I read Battlefield Earth in around 6 hours. I was sick at the time and had nothing else to do. A short story can be a good read, but generally leaves me wishing there was more to it.

Replies:   Joe_Bondi_Beach
Bondi Beach
Updated:

@awnlee jawking


There don't seem to be any standards to story length categorisations. Older guidelines seem to be consistently longer than modern guidelines which correlates with the modern trend towards brevity. Being ancient, I would expect a novel to come in around 80,000 words, certainly no less than 60,000. Yet some modern guidelines start novels at 40,000, firmly in novella territory as far as I'm concerned.


I was just looking at one person's commentary on novel length. Her post was 2009 so is dated, but she focused not on what was a "novel" or a "novella" or whatever, but what an editor would accept for publication and what a bookstore would agree to stock.

Central point: unless your name is King, Rowling, Martin (with G.R.R. in front) or Gabaldon (Outlander or the like, your chances of publishing anything over 100K are slim to none, and 80-90K a better range, in any genre.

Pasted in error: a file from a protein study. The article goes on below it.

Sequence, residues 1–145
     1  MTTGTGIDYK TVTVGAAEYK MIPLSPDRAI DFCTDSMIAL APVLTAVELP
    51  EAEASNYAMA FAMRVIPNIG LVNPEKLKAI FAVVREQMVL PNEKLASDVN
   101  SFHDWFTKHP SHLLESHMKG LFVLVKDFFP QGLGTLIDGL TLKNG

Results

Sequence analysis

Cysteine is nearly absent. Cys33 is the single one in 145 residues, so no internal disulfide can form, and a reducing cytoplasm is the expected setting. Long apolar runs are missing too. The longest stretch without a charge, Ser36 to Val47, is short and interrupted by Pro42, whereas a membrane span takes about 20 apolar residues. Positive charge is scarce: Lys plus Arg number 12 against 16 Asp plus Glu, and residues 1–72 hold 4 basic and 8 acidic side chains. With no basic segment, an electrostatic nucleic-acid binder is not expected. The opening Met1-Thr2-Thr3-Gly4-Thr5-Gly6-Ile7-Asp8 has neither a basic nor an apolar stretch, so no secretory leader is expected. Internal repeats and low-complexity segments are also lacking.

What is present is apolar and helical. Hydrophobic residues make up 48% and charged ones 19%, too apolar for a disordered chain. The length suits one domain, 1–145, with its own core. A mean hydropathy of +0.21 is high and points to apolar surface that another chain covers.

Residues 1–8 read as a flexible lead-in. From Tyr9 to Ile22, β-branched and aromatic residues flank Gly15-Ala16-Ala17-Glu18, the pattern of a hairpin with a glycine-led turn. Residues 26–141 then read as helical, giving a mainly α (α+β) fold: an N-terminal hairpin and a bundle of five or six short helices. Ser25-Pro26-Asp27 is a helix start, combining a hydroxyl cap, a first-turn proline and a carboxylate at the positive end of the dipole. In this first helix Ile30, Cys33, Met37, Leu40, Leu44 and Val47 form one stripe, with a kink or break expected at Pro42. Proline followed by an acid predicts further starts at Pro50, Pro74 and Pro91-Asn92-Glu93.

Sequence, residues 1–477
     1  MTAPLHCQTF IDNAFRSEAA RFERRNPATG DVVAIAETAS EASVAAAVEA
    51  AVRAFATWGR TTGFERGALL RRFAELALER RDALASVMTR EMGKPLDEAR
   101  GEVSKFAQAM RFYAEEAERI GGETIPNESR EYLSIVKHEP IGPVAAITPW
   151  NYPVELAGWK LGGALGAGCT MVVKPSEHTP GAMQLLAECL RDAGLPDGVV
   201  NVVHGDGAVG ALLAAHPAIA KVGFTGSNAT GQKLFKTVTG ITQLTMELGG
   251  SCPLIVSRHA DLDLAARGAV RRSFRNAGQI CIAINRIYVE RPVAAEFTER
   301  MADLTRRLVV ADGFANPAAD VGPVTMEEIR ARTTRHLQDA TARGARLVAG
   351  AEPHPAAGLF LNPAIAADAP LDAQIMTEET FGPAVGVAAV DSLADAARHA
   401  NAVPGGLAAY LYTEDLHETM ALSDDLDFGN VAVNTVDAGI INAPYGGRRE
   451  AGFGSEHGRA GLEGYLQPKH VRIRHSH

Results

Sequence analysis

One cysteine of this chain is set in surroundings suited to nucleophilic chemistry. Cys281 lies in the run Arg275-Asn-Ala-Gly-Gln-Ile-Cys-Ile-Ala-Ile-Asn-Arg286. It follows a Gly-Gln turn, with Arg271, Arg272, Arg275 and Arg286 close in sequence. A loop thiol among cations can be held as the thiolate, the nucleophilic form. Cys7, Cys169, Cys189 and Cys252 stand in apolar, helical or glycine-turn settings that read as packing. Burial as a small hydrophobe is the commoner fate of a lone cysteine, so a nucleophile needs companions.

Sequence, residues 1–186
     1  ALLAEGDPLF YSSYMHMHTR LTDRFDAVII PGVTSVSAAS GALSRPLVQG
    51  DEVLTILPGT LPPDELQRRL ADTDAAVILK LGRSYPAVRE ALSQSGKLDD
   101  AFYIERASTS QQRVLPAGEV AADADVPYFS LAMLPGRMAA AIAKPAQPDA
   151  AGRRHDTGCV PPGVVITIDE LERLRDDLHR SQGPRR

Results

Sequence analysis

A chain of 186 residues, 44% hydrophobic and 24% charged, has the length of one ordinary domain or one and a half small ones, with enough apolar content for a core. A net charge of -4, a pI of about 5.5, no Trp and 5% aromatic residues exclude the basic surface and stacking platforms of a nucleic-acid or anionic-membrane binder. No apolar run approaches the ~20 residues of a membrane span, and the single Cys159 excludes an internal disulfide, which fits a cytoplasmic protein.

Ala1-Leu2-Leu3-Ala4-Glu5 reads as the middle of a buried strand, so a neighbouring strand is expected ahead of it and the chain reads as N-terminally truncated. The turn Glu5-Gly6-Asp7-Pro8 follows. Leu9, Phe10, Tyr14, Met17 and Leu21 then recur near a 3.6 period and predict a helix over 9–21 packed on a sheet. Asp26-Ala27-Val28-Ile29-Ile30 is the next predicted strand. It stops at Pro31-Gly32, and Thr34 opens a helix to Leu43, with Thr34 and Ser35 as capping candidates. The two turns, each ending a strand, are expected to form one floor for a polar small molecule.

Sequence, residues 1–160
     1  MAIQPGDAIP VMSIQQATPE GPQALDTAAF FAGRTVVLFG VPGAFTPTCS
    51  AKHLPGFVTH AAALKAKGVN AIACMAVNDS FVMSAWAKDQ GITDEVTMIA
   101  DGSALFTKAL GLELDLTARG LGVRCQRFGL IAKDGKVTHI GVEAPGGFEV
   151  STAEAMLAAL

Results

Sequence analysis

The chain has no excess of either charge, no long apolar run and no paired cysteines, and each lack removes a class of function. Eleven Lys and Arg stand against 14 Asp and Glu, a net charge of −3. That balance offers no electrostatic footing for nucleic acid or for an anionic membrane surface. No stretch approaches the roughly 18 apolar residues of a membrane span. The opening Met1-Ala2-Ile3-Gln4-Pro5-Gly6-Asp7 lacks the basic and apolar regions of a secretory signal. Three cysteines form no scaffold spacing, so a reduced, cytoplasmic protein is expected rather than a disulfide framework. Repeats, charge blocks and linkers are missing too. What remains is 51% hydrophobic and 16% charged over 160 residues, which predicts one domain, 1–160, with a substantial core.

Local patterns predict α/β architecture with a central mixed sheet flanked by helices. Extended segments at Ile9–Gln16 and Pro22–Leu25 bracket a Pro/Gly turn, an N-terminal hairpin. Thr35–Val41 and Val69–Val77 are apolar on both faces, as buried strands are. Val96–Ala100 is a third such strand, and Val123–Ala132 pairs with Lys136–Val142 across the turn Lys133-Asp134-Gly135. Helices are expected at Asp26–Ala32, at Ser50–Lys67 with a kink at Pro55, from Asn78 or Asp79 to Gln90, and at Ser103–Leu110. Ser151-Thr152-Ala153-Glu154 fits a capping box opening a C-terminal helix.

bb

EDIT: Here's the post: http://jillmyles.com/tag/word-count/

Replies:   Dominions Son
Dominions Son

@Bondi Beach

and 80-90K a better range, in any genre.


See: http://thewritepractice.com/word-count/

In SciFi and Fantasy:

Science fiction and fantasy novels typically have a word count between 90,000 to 125,000 words. The sweet spot, according to Donald Maas, is 100,000 to 115,000 words.

Joe_Bondi_Beach

@Dominions Son

A short story can be a good read, but generally leaves me wishing there was more to it.


Even though I knew Dumas ended it at the right place (and all attempted sequels by others have failed, apparently), I finished The Count of Monte Cristo wishing it had kept going.

bb

Replies:   docholladay
Joe_Bondi_Beach

@Crumbly Writer

Bondi, I'm glad to see your pricing for your novel. I just published my shortest book, definitely a novella at 27,000 words. It's double your books size at 64 pages and I priced it at $9.99 simply because I'm tired of undercutting my own prices--which has never boosted sales.